And yet, the act of writing it out, of using a different set of muscles and a different part of my brain, made the words flow smoother and the writing better.

And so I leave you with this tip for getting over a rough patch when the writing is stuck or you can't make it sound the way you want: pull out lined notebook paper and start copying. You might get through one paragraph, maybe even two before the internal editor kicks in, but soon you'll find yourself merrily rewriting yourself past the section that stumped you and beyond.

Trust me. It works.

And as for the second meaning of today's post title: please consider giving to the Red Cross. It is precisely when such disasters such as yesterday's bombing in Boston occur when they are needed most. Thank you.

PS. Any donations made to me via the PayPal link below will, for the rest of the month, go directly to the Red Cross for their relief efforts, not only in Boston, but all around the globe.

Saturday, April 13, 2013

random thoughts on character

Saturday morning routines are pretty set for me. I get up, use the bathroom and brush my teeth, go to my study and run through my email accounts, play my daily games and, in general, wake up. This takes anywhere from fifteen minutes to two hours, depending on what sucks me in.

This morning, for example, I found a set of interview questions in my inbox for an upcoming article in the Sizzling Scoop Magazine. By the time I finished, I’d been up for nearly three hours...and was still in my nightgown.

But I’m not going anywhere today, or at least, not this morning. My husband is deep in a painting and I’m planning to add to a current work in progress. I did, however, change my clothes.

And it was then I realized I have two ways of describing that action. On a day like today, a day where nothing is planned besides staying inside, I “put on some clothes.” On a workday, however, or a day when I’m going out, even if its just to the grocery store, I “dress”. Verb form, not noun.

That thought then led me to think about my characters. How many of them “dress” vs. “put on clothes” –and do I make a distinction in my stories? Those word choices say a lot about the character’s approach to the day.

Something to keep in mind as I sit with them today...

Play safe!

Tuesday, April 09, 2013

Keeping track of your sales

By now, some of you are selling books. Lots of books, I hope. Today’s post is on how to keep track of those sales when you have more than one publisher.

A few weeks ago, I showed you one way to keep track of your business expenses. Today we're going to talk about how to figure out how individual titles are selling.

The chart at the left shows the start of a very large spreadsheet that lists all of my books for sale at Ellora's Cave, how many books were sold in a given month and how much each book made me in that month.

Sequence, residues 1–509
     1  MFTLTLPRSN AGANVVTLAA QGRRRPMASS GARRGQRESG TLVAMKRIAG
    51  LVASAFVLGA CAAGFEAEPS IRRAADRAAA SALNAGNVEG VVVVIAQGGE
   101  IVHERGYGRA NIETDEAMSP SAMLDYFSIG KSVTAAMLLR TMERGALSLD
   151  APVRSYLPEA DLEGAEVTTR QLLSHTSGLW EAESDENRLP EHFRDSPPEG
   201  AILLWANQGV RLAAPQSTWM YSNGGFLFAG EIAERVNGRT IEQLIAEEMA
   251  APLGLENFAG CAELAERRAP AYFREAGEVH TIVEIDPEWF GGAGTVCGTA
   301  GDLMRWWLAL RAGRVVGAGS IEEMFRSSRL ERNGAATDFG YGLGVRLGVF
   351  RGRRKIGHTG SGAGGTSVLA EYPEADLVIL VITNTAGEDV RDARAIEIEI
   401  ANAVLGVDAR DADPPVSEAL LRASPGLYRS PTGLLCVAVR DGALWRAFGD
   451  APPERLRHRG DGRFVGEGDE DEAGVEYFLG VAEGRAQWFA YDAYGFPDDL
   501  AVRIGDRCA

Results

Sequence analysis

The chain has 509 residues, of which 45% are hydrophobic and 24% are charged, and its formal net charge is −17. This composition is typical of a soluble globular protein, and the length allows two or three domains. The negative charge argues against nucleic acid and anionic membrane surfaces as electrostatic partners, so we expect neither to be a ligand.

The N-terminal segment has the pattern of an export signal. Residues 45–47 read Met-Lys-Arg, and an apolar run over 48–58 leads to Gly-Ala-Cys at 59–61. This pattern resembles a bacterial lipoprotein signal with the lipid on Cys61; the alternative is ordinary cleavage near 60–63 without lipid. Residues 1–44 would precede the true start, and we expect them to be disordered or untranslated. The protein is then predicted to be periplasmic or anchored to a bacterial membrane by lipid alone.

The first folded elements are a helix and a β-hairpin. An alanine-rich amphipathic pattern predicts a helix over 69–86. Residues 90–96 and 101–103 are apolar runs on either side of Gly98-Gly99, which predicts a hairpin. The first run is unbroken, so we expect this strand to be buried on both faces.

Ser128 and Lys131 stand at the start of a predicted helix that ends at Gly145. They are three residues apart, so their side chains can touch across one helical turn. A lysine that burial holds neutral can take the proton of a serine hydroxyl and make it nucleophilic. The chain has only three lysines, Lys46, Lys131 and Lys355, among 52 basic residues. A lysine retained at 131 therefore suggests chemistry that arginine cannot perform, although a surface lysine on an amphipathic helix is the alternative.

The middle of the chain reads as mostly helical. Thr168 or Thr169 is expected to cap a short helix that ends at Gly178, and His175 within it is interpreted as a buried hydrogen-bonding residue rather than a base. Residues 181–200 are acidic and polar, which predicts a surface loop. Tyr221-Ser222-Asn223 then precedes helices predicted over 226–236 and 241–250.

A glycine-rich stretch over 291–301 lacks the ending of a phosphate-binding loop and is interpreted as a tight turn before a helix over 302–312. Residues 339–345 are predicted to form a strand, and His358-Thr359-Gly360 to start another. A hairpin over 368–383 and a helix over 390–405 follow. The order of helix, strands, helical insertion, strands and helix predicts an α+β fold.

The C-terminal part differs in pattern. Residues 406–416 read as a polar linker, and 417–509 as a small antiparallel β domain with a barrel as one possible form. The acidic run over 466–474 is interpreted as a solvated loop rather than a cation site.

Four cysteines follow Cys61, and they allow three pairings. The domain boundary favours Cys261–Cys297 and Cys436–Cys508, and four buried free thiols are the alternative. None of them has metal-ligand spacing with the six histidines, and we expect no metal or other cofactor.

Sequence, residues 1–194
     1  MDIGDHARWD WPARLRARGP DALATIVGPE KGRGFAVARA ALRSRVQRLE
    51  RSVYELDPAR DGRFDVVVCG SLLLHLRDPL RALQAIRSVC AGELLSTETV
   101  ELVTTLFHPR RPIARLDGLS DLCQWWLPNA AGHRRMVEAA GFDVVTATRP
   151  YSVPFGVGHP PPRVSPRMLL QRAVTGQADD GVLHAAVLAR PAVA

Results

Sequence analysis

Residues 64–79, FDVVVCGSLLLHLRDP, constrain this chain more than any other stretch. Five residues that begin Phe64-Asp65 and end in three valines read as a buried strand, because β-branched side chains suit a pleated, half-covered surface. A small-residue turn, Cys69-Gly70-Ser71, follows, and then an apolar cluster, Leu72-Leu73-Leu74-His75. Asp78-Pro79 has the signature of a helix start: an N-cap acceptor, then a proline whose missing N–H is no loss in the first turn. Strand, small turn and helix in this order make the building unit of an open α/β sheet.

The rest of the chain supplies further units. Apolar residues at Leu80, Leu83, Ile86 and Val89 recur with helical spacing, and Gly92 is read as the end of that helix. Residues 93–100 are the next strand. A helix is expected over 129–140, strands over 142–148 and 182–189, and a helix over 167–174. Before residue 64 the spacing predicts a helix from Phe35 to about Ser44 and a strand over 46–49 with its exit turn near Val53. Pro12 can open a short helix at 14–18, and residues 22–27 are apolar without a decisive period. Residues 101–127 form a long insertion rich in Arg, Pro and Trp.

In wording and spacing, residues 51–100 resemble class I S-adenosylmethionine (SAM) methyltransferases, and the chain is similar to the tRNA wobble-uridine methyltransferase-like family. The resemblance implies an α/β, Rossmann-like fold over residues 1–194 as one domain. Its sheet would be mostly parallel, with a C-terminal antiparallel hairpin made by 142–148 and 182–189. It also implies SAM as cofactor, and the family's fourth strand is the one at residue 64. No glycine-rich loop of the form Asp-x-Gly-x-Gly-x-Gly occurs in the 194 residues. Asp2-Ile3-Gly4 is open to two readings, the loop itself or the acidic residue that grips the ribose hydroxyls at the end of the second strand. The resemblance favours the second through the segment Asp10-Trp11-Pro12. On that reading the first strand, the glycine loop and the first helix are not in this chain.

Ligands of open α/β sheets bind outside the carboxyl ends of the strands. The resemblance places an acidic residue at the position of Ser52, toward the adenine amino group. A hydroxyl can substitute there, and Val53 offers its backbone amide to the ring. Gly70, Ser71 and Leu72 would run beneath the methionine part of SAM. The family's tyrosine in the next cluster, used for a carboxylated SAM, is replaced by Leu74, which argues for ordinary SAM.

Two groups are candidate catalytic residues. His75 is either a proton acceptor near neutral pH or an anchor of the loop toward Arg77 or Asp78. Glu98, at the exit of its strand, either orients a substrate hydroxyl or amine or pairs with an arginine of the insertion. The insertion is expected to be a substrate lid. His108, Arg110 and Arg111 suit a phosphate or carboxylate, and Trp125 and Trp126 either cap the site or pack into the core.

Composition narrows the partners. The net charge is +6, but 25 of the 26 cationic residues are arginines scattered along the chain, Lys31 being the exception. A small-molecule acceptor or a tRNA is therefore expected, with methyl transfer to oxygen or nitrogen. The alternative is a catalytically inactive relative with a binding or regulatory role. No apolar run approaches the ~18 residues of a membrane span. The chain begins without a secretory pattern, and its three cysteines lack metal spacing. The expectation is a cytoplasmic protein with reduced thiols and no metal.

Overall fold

The blue numbers are sales for the year and the black bold numbers below that are the total numbers to date. 

This is a great way to keep track of sales when you have a single publisher. If you get paid quarterly, you would simply have fewer entries per year, but the set-up could be the same.

What you can't see from this small snapshot is the column over to the far right (very far right; I have a lot of titles out with EC), the column marked "total books" and the one beside it marked "total royalty". That adds up all books (and $) across all books for the month. If I've done my math right, the monetary number matches the one on my monthly check!

That database works great – if you have only one publisher. Those of you who self-publish, however, often have many publishers – and how do you keep track of several titles over several platforms?

Below is a pic of the top and bottom of one of my Excel files. Each venue has it’s own page; the set-up of every page is exactly the same. The months are listed vertically down the side and the book titles at that venue are listed across the top. On the right is a column for monthly sales for each title (the last column got cut off - it records the total royalty in $), just like I have for my EC sales sheet.

Every month I gather up the data from each of the major venues and plop it into the database. Believe it or not, Barnes & Noble is the best at providing real-time information that easily accessible. Even though the statements are stored on their servers “in the cloud,” I still download and keep a digital copy of each month’s report. Why? Because I’m paranoid something will get lost and I believe in having backups of my backups.